- McQuinn Naturopathic – (Everett, WA)
- First year out practicing: first steps running my own business while doing my own patient care.
- Ballard NW Senior Center – (Seattle, WA)
- Delivered community style acupuncture to a senior population for various conditions.
- Acupuncture Relief Project Bimphedi Clinic – (Bimphedi, Nepal)
- Served in remote clinic in Nepal treating various conditions with Acupuncture, Herbalism and Western Medicine.
- Practice primary care methods from physical exam to medications.
- Practiced prevention and management principles such as nutrition education, medication education, and lifestyle education.
- Learn how to implement good medicine through cultural barriers and biases – on both sides.
- First experience working on my own unsupervised patient-care.
- Experience working primarily through an interpreter.
- Learned how to be a teacher and mentor to patients, interpreters, the community, and peers.
- Began to see for myself the effective of acupuncture and Chinese medicine on patients over time.
- Learned other valuable clinical skills such as how to read and assess patients beyond intake (reading between the lines).
- Learned aspects of communication beyond verbal language, such as body language (cultural differences), patient honesty in reporting, and just understanding whether a concept has truly been conveyed or not.
- Shanghai TCM Hospital – (Shanghai, China)
- Observe herbalism practice in TCM Hospital in Shanghai Internal Medicine and Gynecology clinics.
- Observed variations and differences in the dispensing of medical treatment between two cultures – U.S. versus China.
- Chengdu TCM Hospital – (Chengdu, China)
- Observe acupuncture and herbalism practice in TCM Hospital in Chengdu, China Stroke and Pain clinics.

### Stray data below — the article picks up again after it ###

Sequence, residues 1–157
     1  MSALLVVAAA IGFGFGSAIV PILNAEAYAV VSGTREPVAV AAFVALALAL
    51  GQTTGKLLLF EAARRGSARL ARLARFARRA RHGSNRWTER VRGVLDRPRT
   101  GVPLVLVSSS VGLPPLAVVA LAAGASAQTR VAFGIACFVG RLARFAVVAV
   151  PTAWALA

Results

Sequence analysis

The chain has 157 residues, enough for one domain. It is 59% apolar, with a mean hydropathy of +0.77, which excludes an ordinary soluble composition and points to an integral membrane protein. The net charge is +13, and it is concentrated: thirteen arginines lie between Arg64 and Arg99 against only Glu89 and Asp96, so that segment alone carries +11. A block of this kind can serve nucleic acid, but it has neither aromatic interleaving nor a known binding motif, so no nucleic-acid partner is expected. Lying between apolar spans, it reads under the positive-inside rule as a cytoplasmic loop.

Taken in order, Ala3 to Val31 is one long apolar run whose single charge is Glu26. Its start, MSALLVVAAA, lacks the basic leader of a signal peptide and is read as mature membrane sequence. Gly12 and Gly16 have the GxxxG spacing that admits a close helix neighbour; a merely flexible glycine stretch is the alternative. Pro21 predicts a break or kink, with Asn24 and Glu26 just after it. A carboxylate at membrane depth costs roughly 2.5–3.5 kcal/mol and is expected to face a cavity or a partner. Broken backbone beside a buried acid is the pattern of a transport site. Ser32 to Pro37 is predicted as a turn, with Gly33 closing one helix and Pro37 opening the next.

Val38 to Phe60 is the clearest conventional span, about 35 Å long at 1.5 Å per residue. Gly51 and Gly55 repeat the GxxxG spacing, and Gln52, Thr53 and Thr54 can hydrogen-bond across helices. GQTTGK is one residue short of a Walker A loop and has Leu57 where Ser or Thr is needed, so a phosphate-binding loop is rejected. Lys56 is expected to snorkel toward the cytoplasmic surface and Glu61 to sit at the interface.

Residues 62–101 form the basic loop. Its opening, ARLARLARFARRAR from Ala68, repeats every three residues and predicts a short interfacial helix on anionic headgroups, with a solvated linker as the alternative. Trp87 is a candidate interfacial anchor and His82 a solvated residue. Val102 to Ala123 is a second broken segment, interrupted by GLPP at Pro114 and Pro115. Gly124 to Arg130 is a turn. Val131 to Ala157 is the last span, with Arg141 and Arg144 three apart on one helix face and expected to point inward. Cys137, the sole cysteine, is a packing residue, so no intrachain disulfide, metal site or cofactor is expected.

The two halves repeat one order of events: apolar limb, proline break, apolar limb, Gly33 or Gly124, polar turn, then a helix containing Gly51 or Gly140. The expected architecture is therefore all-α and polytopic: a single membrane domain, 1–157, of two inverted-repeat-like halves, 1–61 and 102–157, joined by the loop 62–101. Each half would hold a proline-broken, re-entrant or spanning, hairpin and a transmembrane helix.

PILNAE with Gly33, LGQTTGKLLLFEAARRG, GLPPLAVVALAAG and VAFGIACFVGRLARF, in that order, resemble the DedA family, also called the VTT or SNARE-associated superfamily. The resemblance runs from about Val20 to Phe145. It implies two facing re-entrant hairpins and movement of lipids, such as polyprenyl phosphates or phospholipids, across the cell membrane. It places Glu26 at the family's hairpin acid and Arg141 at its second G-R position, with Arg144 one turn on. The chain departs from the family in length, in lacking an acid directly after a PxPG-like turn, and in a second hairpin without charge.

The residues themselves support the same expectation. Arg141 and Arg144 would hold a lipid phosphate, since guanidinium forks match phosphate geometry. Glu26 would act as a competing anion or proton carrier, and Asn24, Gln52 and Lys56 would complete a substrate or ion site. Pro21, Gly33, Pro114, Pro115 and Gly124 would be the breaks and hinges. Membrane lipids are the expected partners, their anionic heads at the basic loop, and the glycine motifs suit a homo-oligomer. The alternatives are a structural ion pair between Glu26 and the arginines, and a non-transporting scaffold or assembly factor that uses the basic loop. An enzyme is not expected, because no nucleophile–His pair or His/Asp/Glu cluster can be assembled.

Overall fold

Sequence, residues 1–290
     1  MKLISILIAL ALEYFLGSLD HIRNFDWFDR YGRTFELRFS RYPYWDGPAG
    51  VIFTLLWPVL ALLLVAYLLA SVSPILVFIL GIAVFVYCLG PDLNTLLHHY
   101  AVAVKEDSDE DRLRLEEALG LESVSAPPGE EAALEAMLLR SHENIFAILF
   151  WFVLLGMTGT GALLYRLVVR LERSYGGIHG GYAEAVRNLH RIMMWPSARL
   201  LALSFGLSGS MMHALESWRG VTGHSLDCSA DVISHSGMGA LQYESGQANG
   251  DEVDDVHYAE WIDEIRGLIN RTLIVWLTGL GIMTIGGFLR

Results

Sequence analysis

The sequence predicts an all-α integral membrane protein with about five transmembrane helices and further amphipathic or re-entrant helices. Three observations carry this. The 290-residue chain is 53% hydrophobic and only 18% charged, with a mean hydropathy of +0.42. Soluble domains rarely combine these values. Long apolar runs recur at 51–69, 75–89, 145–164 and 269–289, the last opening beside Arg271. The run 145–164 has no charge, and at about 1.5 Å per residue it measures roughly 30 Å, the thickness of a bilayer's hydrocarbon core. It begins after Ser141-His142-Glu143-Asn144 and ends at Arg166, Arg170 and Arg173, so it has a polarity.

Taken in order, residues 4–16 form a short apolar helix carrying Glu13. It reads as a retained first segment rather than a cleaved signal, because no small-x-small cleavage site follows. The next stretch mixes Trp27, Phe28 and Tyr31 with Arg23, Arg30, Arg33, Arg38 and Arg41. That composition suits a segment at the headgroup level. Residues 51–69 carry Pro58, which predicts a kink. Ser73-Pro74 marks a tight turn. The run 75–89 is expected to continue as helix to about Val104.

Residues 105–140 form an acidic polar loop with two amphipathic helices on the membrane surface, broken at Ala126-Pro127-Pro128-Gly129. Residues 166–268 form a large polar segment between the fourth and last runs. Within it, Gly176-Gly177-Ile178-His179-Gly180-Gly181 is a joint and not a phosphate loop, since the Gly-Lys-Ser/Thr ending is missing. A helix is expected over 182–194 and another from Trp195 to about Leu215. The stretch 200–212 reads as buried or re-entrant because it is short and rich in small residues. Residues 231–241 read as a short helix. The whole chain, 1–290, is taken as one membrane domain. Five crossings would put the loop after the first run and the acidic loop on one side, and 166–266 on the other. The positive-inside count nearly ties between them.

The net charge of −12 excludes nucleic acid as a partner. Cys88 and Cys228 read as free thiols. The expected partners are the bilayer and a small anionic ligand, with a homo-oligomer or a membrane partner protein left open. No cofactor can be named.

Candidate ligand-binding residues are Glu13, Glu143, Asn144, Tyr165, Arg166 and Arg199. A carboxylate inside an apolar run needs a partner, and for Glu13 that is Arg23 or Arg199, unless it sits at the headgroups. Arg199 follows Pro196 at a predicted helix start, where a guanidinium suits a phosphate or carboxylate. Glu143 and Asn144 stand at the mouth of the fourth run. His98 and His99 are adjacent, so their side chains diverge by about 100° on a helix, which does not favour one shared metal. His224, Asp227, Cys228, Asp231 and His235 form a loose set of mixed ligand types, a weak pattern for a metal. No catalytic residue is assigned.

- Evergreen Treatment Services Center, NADA Protocol – (Seattle, WA)
- Training in acupuncture detoxification and addiction protocols at an addiction treatment center.
- Learned about working with a vulnerable and stigmatized population of our society.
- St. Vincent’s Assisted Living Community – (Seattle, WA)
- Work with aging and assisted living patients.
- Learned about working with the vulnerable aged population of our society.
- Harborview International Clinic – (Seattle, WA)
- Work with diverse populations in a hospital setting treating a variety of conditions.
- First exposure to working with a population that had cultural barriers and biases (from both sides).
- Learned about working with with the vulnerable immigrant population.
- Learned how to use medical interpreter systems and how to conduct intake and exam through an interpreter and language barriers.
- Harborview Chronic Fatigue and Fibromyalgia Clinic – (Seattle, WA)
- First exposure working with chronic pain population in a hospital setting.
- Bastyr Center for Natural Health – (Seattle, WA)
- Integrative internship to develop clinical skills, acupuncture skills, and herbalism skills.
- Learned how to conduct intake and physical exam on patients with the purpose of providing treatment through acupuncture and Chinese medicine.
- Learned basics of working at a clinic including the functions of administration, dispensary and inventory work, and referring to other providers and departments.